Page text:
The Ford Bronco was introduced to the public in August of 1965 to compete against Jeep’s CJ-5 and International Harvester’s Scout in the burgeoning recreational four wheel drive vehicle market. The first Broncos were very Spartan without options such as power steering and an automatic transmission. The first models were available only with a 105 hp 170 ci six cylinder derived from Ford’s Falcon lineup. The only available transmission was Ford’s 3.03 three-speed manual with a column-mounted shifter. Transmission ratios behind the six cylinder were 3.41:1 first, 1.86:1 second, and 1:1 third. When the 289 V8 option was introduced in March 1966, the three speed manual behind it had ratios of: 2.99:1 first, 1.46 second, and 1:1 third. The transfer case was a Ford Bronco specific Dana 20 with a low range ratio of 2.46:1. Unique to the earliest models was a tall shifter with a shift pattern matching that of the T-handle shifter, but with a J- handle style ball mounted on top. Most ’66s also had rear shock absorbers that angled forward in front of the axle with stud mounts at the top instead of the later rear-canted eye mount shocks. The Bronco, with a 92-inch wheel base was offered in wagon, half cab, and roadster configurations. The roadster option was not very popular and was discontinued after 1968. Standard brakes were 11 x 2″ front drums and 10 x 2.5″ drums on the rear on the small bearing (2780 lb.) axle and 11 x 1.75″ drums on the large bearing (3300 lb.) axle. All Broncos employed a Ford 9″ rear axle and until 1971, a Dana 30 front axle rated at 2,500 lb. Axle ratios were 3.50:1, 4.11:1 and 4.57:1(6 cyl. only). The standard gas tank held 14.5 gallon with an optional 11.5 gallon second tank available. Options for ’66(including dealer-installed accessories) included: Warn freewheeling hubs, snow plow kits, winches, tachometers, air lift front auxiliary springs, trailer hitches, tow hooks, etc. Most of the options and many others were included through the Bronco’s twelve-year run. Production for the 1966 year totaled 23,776 units.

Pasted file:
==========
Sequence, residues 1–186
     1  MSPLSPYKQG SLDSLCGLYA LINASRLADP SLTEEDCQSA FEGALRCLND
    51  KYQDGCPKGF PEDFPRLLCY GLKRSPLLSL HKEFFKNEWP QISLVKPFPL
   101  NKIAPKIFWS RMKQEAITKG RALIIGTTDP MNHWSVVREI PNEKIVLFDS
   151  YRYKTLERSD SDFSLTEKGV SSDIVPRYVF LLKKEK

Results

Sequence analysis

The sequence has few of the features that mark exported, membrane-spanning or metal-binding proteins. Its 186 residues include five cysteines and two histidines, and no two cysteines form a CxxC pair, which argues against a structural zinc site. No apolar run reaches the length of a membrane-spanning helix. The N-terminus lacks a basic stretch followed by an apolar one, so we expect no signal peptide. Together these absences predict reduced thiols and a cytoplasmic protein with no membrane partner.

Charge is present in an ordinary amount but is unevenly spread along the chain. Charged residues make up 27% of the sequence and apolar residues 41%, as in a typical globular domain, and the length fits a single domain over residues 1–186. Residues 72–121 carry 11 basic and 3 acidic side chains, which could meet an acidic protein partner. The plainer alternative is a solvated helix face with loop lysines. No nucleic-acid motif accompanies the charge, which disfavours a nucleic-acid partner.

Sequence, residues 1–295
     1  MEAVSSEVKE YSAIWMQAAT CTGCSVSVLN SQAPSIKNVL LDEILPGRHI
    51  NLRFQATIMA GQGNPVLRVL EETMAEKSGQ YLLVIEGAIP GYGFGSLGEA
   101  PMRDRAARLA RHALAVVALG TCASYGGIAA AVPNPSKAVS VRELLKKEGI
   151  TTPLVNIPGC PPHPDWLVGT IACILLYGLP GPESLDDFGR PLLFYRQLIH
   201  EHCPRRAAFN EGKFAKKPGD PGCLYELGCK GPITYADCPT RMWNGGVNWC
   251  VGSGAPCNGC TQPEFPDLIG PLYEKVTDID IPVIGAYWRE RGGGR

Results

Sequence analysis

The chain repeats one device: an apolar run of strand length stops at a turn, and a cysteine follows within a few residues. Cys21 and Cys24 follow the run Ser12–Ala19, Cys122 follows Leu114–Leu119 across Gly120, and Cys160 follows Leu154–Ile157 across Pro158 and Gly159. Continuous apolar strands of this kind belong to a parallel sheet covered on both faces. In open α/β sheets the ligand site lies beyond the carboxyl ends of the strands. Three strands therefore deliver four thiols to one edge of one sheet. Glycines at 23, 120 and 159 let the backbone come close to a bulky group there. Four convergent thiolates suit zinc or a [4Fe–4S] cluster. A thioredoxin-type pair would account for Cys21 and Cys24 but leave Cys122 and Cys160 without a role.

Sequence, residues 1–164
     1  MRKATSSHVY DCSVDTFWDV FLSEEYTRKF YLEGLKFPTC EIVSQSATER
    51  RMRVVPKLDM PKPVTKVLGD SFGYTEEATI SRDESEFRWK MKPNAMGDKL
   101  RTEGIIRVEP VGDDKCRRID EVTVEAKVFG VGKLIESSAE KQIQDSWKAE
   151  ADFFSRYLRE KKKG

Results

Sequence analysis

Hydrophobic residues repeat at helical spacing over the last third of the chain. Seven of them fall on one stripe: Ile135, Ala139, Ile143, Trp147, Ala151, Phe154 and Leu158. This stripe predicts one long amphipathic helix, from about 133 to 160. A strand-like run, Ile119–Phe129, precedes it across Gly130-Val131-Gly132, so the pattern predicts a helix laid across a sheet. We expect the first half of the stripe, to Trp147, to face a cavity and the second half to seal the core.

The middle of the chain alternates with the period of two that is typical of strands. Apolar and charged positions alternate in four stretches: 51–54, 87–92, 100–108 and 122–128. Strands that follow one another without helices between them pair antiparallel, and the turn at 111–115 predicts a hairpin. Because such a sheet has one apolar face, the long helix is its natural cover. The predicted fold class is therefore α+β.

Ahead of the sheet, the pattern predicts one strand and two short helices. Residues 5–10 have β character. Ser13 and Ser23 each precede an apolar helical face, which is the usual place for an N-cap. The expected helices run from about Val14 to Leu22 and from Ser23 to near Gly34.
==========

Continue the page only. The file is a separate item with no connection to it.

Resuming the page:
The Sport Package was introduced in 1967. This package included bright finished horn ring, windshield drip, head and tail lamp bezels, side window frames, instrument panel trim and tailgate handle, cigar lighter, chrome-plated grille, bumpers and front guards, red die cast F-O-R-D letters applied to the grille, and 15″ wheel covers. A bright trimmed hardboard headlining and vinyl floor mat were also added to the Sport Wagon. A dual master cylinder with a split hydraulic system and self-adjusting brakes was also new. Back-up lights were now standard and an 11.5-gallon auxiliary fuel tank option was available. 14,230 Broncos were built in 1967.